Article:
The US sent the small, aging submarine "Halibut," equipped with a diver lock-out chamber, to investigate this possibility. The Halibut could lock-out divers to a depth of 600 feet (182.2 m). While at 400 feet (122 m) depth the Halibutís divers managed to attach an undersea listening mechanism to the 5 inch (127 mm) diameter Russian subsea phone cables. At first the dive crews left listening devices on the phone cables every few months; coming back at intervals to download recordings of what the Russians thought were confidential military conversations. Then, by the late 1970s, a device was built that could be left on the Russian cables for more than a year. Information garnered from these phone taps, which went on for almost 20 years, some have said, helped prevent WW-III.

While the morality and risk to peace of such military diving operations can be debated, the courage of the naval divers and submariners who pulled off this enormous intelligence coup canít. If the crews had been discovered they would have lost their lives or, at best, been imprisoned in a Russian Gulag for decades. The US Navy has never made public the type of diving gear used by these naval divers. Obviously at 400 to 600 foot depth heli-ox and saturation diving gear would have been needed. Also, gear that could protect deep divers from the numbing cold in northern Russian Waters was required.

Though no one has publicly said, it stands to reason that the Navyís Experimental Diving Unit was involved at some level in these operations. The NEDU certainly continues to pursue a great deal of closed and semi-closed rebreather and cold water diving research. If one looks back at some of the diving equipment developed for the US Navy in the 1960s by Kirby-Morgan and Morse Diving Company, certainly some of it appears to have attributes for clandestine uses. I doubt that anyone at these two firms had any inkling of what their experimental gear may have been used for, however, in the absence of hard data, this is just idle speculation. The undersea phone taps were quietly discontinued after an American traitor, Ronald Pelton, a national Security Agency employee, told the Russian about the project in the 1980s. This turncoat received a mere $35,000 for this information from the Russians.

By 1972 the US Navy had completed its Ocean Simulation Facility (OSF), and it and the NEDU were relocated in 1975 to Panama City, a small tourist town in the Florida Panhandle. The OSF is essentially the core of a complex of interrelated research facilities managed by the Naval Sea Systems Command. With five interconnected dry and wet chambers, for a total volume of 3,300 square feet (306.5 square meters), the huge OSF is in fact one of the worldís largest hyperbaric wet pots. It is essentially a huge chamber with openable domes on each end. It can contain 55,000 gallons (203,500 liters) of water at any desired salinity. The OSF is capable of pressurization down to 2,250 feet (686 m) of sea water equivalent, or an altitude equivalent of 150,000 feet (45,720 m), and it can test men or machines. In fact the OSF is large enough to sail a miniature submarine inside.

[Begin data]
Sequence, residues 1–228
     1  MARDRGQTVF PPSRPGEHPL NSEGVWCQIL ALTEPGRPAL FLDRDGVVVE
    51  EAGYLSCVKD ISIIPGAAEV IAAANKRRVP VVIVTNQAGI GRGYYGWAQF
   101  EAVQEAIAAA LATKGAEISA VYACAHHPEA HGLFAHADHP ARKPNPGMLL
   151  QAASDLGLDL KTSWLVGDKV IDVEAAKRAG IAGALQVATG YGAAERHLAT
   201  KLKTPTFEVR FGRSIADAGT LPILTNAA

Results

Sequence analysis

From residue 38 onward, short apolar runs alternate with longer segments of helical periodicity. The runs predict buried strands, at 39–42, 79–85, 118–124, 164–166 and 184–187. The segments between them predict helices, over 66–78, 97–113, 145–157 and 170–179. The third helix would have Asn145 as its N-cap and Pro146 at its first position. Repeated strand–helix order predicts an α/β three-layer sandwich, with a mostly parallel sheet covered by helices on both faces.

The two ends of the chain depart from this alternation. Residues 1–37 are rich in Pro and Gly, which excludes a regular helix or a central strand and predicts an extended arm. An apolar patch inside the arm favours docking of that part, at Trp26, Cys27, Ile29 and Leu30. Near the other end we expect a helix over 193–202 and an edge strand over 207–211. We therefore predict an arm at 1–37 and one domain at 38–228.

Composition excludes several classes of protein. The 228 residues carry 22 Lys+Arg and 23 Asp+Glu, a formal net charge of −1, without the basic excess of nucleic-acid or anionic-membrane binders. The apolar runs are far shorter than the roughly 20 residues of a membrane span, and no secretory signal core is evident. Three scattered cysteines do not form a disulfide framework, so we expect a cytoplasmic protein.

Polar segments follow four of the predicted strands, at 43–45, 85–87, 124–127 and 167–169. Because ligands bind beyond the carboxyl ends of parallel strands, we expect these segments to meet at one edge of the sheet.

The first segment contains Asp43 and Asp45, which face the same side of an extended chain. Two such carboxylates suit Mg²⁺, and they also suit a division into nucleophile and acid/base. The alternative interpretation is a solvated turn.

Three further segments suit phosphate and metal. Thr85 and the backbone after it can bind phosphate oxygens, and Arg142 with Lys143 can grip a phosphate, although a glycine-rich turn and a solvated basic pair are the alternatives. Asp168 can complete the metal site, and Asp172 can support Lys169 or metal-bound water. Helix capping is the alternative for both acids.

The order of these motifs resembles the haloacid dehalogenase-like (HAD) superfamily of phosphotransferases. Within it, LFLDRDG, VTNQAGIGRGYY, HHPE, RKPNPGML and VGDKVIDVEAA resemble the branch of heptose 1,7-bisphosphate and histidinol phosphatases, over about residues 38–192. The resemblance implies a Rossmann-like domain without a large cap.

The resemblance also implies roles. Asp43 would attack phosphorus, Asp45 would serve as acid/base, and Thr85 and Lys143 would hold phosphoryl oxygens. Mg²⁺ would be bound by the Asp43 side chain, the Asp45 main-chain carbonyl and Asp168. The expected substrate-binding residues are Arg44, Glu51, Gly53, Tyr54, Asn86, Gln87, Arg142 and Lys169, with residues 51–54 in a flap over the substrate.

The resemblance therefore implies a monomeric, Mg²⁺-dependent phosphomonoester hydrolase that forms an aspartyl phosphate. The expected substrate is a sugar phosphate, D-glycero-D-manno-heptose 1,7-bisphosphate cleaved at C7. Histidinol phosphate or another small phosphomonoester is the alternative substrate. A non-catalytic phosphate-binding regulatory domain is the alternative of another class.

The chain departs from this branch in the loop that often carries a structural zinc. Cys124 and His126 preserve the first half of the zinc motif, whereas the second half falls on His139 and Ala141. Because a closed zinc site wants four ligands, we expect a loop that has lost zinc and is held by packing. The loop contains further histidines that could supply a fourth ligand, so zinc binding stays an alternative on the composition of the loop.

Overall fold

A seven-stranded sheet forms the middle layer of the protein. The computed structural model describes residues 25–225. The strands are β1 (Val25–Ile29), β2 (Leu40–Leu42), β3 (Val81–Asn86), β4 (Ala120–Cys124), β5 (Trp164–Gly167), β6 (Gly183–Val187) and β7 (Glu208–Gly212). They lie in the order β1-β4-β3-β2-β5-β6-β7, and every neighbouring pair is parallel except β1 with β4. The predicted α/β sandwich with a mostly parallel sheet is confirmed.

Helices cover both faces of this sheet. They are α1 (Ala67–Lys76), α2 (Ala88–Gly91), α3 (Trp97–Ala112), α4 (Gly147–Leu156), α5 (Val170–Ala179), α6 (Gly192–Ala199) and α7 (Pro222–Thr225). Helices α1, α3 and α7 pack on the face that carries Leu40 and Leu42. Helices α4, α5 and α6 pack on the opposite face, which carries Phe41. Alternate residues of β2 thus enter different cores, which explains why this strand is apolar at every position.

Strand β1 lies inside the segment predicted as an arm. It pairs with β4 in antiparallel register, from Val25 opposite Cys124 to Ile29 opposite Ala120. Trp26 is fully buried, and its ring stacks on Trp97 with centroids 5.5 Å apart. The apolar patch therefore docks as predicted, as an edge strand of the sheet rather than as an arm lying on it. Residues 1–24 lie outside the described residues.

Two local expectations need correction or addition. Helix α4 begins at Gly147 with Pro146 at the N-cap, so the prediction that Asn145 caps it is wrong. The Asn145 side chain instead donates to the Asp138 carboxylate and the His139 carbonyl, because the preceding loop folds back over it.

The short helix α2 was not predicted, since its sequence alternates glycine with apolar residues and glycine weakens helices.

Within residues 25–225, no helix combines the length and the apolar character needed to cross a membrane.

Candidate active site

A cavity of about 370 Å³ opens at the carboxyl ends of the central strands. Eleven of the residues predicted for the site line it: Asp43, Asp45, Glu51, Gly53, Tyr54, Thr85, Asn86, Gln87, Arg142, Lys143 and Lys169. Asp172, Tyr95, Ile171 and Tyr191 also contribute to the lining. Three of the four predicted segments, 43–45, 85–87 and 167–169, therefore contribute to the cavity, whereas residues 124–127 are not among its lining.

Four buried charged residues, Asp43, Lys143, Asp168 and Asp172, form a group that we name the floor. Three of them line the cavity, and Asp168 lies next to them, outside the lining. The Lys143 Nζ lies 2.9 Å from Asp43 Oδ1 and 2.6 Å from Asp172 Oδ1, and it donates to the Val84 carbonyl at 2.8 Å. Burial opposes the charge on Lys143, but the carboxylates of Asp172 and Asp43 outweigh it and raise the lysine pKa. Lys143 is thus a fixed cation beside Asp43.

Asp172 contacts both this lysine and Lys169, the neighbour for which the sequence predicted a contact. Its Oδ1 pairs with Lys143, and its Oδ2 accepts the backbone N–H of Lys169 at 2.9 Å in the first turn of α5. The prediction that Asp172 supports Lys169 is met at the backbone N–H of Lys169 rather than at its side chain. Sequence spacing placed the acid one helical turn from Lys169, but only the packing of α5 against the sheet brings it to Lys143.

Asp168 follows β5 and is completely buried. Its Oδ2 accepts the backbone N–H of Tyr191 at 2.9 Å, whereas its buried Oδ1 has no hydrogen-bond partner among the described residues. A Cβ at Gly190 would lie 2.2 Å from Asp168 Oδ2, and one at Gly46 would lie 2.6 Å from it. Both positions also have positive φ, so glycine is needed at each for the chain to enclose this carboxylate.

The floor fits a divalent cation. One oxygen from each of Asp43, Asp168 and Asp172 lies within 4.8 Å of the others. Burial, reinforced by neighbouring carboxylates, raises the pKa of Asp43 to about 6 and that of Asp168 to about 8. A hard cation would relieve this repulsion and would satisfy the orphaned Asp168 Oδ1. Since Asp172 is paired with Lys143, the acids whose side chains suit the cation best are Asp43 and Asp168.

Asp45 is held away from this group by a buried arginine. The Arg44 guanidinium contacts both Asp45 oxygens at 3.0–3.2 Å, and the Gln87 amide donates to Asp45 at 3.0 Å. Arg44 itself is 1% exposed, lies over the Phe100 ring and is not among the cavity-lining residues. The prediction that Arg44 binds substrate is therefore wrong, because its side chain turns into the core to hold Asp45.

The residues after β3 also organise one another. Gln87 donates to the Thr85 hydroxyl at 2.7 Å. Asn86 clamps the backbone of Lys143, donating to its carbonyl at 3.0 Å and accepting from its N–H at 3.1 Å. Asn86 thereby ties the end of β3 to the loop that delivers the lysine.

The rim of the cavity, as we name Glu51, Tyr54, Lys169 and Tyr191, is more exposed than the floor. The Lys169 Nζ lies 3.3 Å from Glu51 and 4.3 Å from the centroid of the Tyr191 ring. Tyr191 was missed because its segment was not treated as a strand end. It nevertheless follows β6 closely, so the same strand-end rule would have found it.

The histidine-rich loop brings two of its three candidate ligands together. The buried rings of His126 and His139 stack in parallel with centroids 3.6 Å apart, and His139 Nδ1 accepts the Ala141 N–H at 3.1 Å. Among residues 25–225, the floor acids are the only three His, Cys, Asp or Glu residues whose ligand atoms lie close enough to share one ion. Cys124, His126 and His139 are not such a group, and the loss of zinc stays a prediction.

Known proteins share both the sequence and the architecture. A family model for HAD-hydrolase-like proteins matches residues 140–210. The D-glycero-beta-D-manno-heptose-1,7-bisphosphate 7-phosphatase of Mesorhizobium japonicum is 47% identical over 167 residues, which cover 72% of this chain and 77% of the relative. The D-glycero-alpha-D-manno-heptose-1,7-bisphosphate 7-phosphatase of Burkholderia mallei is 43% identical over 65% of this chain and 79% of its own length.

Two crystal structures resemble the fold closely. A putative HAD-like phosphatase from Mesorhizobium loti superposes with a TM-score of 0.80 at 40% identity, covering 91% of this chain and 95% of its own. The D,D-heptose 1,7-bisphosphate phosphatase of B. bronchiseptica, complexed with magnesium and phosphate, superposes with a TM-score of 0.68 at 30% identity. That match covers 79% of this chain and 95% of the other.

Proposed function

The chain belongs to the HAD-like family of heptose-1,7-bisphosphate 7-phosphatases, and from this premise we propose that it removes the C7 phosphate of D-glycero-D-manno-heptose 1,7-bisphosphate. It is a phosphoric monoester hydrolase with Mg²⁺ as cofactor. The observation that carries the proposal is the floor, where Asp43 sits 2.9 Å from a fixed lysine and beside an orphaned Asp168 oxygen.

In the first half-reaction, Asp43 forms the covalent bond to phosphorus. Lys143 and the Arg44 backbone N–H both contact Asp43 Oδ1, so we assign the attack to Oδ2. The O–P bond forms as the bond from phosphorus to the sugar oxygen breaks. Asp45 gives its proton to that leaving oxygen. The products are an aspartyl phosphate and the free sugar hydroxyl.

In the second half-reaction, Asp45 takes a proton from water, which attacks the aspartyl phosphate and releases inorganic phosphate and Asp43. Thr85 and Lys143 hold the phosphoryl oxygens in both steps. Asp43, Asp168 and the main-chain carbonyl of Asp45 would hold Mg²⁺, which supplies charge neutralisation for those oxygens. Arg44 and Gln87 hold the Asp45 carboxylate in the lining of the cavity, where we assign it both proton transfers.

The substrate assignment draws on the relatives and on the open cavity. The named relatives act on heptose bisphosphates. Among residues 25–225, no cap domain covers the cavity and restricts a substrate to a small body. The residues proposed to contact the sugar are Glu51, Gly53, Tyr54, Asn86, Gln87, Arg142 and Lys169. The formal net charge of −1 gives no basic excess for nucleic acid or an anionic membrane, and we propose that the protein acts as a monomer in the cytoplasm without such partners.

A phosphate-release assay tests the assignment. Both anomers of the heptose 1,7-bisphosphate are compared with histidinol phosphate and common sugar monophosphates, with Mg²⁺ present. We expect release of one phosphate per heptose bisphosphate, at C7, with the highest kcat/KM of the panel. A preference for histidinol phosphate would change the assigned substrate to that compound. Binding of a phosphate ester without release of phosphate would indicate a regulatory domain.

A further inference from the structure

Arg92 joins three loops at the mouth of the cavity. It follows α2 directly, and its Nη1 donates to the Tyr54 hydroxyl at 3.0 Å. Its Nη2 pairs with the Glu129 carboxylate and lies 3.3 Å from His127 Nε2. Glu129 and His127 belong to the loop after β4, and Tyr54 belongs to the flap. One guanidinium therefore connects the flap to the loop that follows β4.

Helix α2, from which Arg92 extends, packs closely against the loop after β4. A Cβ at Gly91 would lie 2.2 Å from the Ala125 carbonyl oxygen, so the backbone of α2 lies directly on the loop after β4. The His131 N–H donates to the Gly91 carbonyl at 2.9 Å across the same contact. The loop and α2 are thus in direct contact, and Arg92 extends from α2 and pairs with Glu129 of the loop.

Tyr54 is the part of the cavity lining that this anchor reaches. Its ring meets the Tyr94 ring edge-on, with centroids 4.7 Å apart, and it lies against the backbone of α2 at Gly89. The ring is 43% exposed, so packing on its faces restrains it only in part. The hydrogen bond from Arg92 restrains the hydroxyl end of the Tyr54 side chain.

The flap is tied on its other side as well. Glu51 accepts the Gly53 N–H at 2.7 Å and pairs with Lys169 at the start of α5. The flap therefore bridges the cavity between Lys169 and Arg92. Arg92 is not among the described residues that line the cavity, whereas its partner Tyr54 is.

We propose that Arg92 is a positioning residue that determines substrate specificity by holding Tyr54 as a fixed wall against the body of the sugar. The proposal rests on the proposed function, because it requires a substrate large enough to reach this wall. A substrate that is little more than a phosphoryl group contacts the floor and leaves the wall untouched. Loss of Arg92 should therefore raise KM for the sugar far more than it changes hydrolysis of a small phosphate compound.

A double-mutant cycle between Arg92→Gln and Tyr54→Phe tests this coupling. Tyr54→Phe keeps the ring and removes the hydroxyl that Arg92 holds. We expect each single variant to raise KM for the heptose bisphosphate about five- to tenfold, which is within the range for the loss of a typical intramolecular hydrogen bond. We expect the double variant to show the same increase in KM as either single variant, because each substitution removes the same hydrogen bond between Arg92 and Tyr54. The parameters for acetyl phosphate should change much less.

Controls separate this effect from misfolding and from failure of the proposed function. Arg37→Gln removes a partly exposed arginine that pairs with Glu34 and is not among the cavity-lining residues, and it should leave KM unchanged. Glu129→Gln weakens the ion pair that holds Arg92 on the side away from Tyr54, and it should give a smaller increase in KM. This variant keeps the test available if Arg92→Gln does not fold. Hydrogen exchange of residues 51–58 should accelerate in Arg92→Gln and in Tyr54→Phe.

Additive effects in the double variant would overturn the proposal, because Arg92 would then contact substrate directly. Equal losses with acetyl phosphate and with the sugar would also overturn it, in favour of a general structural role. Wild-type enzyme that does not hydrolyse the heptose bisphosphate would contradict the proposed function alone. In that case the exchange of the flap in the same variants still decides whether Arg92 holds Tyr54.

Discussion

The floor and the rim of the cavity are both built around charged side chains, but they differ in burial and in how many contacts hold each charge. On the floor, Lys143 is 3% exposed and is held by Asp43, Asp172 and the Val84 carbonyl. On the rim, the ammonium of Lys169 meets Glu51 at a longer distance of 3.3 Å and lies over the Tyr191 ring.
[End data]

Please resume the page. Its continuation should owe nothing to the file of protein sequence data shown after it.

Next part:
In addition to being filled with salt or fresh water, the OSF can be set up to operate at tropical temperatures of 90 degrees Fahrenheit (32.2 C) or arctic temperatures as cold as 34 degrees F (1.1 C). Because of the cold temperatures and extreme pressure stresses, the OSF and its plumbing had to be built to the same standards as nuclear submarine containment vessels.

The NEDU has contributed to far more than just diver life support or covert military operations. Its contributions also include research in naval salvage diving, submarine rescue and support, inshore warfare, acoustic countermeasures, mine and ordinance disposal and countermeasures, navigation and even amphibious operations. Over its lifetime NEDU scientist, engineers and divers have helped to develop underwater specialized and hydraulic tools, hull scrubbing equipment for naval vessels and ship husbandry and a myriad of other diver related support gear. They, and their civilian contractors have also developed the various, unusual diving helmets seen on these pages.

Facilities at the NEDU complex include unmanned test facilities, test pools, environmental chambers, cardiopulmonary laboratory, gas analysis laboratory, specimen analysis laboratory, technical library, biomedical research facilities, and a class 100,000 clean room (for cleaning of oxygen piping, etc.,). Various other systems also are present for testing and evaluation of diving systems, such as flow capability of diving helmets, communication equipment, hyperbaric life support systems and one-atmospheric (ADS) diving suits.

In this time of the war on terror, the NEDU continues to be a pivotal facility enhancing American and allied warfighting capability and providing equipment that can strengthen intelligence gathering capabilities. The NEDU is nothing less than a "Force Multiplier" in and of itself. Presently its staff of 160 highly qualified engineers and divers are represented by almost every underwater arm of the US Navy, such as SEALS (sea-air-land), EOD (Explosive Ordnance Disposal), SEEBEE (naval construction) and UMO (Undersea Medical Officer), fleet salvage and even other branches of the armed forces, such as the US Army. The NEDU has a good website that gives more detail at: http://www.nedu.navsea.navy.mil/

Continue to part 2 to see some great experimental diving helmets